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Astron. Astrophys. 344, 459-471 (1999)

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2. The sample of supersoft sources in M31

2.1. The SW-sample

15 firm candidate supersoft sources have been found in the 1991 ROSAT PSPC observations of M31 by Supper et al. (1997), cf. Greiner et al. (1997) by applying to the ROSAT PSPC hardness ratio HR1 which is defined as

[EQUATION]

with S = counts in channel 11-41 (roughly 0.1-0.4 keV), H = counts in channel 52-201 (roughly 0.5-2.1 keV). The selection criterion for a supersoft source is:

[EQUATION]

A 16-th supersoft source, a recurrent transient has been discovered by White et al. (1994). We call this sub-sample of 16 sources the Supper-White (SW) sample.

It has been shown by Kahabka (1998) that the individual spectral parameters giving information on the white dwarf masses of these 16 M31 supersoft sources can be constrained if the ROSAT PSPC hardness ratios HR1 and HR2 and the count rate as given in the catalog of Supper et al. (1997) are taken into account. The definition of HR2 is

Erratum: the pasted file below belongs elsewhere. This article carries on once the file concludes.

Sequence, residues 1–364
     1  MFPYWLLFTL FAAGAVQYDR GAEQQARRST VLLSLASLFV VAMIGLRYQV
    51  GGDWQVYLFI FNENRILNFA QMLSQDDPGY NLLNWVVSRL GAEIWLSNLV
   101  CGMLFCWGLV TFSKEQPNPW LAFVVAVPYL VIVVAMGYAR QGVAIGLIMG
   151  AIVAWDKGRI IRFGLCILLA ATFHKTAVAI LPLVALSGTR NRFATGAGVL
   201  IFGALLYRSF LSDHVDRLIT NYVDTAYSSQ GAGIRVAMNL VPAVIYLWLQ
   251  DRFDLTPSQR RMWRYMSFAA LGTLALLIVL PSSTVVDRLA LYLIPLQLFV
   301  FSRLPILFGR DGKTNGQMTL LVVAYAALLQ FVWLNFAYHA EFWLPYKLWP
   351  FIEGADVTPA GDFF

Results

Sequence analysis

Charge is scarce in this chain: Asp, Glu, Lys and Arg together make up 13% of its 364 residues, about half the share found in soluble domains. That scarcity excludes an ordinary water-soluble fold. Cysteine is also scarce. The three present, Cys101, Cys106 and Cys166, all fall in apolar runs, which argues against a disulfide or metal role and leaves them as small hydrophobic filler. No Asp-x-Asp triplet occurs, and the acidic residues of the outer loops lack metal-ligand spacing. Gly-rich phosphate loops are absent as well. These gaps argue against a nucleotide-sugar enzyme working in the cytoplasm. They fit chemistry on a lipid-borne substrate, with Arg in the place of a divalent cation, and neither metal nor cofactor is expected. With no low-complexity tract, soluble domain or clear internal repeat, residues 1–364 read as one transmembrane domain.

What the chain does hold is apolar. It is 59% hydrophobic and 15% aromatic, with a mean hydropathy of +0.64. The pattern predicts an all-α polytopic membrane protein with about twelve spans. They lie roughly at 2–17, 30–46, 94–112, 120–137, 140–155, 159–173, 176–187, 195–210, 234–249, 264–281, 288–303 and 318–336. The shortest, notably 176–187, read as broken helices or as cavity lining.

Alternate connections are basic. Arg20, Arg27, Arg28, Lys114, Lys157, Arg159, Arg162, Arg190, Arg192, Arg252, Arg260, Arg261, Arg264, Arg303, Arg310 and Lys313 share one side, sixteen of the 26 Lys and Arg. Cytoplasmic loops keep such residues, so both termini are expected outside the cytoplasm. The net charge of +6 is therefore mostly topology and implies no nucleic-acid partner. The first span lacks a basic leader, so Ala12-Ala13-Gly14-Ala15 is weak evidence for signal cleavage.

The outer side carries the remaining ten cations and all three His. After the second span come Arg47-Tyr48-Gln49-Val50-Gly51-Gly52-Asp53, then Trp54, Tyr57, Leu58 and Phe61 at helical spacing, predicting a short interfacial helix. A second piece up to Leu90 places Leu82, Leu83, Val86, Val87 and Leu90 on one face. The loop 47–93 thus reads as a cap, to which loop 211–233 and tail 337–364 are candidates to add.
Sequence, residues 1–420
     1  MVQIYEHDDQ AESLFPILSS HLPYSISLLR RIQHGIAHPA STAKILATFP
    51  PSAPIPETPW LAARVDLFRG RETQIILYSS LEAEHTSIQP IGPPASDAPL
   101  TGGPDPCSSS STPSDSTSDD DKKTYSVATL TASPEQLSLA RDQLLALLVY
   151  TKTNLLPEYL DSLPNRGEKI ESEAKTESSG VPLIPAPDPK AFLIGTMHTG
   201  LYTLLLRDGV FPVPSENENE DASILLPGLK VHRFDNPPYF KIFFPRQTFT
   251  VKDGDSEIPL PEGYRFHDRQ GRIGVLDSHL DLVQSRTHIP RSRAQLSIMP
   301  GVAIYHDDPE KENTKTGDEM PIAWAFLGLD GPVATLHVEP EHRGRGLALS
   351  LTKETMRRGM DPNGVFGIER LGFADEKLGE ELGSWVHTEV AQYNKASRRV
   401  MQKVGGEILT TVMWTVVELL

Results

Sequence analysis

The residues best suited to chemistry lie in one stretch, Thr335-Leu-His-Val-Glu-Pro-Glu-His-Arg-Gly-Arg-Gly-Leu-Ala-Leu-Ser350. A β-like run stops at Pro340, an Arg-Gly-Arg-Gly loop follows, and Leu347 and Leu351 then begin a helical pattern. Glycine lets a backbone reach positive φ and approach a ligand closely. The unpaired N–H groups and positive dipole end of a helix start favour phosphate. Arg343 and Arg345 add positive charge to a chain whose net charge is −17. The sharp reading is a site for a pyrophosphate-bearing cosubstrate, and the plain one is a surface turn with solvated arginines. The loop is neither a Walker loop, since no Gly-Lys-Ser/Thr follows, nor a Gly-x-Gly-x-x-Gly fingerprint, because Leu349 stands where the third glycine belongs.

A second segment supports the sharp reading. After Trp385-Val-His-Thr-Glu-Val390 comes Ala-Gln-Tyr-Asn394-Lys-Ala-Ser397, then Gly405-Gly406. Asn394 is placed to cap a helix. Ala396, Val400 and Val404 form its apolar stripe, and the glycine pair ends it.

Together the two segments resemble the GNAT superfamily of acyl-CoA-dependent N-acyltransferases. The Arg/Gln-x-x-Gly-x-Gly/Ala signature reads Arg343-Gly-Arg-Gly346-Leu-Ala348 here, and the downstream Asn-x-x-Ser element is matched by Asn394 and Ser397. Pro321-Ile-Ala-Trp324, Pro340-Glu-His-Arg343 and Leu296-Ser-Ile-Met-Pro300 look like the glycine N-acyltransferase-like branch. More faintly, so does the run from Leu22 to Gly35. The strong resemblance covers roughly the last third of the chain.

[EQUATION]

with H1 = counts in channel 52-90 (roughly 0.5-0.9 keV), H2 = counts in channel 91-201 (roughly 0.9-2.0 keV). The hardness ratios HR1 and HR2 and the count rates have been compared with theoretical values derived using non-LTE white dwarf atmosphere spectra. As a result we found that for all these 16 sources the white dwarf masses were quite large [FORMULA].

In the present work non-LTE models of white dwarf atmospheres are used (Hartmann & Heise (1997)) extending to effective temperatures as low as [FORMULA]. Absorbing hydrogen columns [FORMULA] and effective temperatures [FORMULA] have been determined in a [FORMULA]-[FORMULA] plane from the overlap of the 90% confidence parameter regions as determined from the HR1, HR2 and count rate constraints in that plane. In order to calculate the HR1-effective temperature planes somewhat reduced errors (0.85[FORMULA] errors) have been used. This has the effect of bounding the hydrogen column to [FORMULA] which is consistent with a minimum [FORMULA] due to the galactic foreground column. In Table 1 values are given for the SW-sample taking these new constraints into account. These values differ only slightly from those derived in Kahabka (1998). Count rates are given for the broad (0.1-2.4 keV) band. It should be noted that although the standard deviations for some sources are very large (which might suggest that these sources are not detected significantly) all these sources have been detected significantly in the soft (0.1-0.4 keV) band (see Table 5 of Supper et al. 1997). The high standard deviations in the 0.1-2.4 keV band are due to the fact that in this band most of the counts are background ones from the 0.4-2.4 keV range.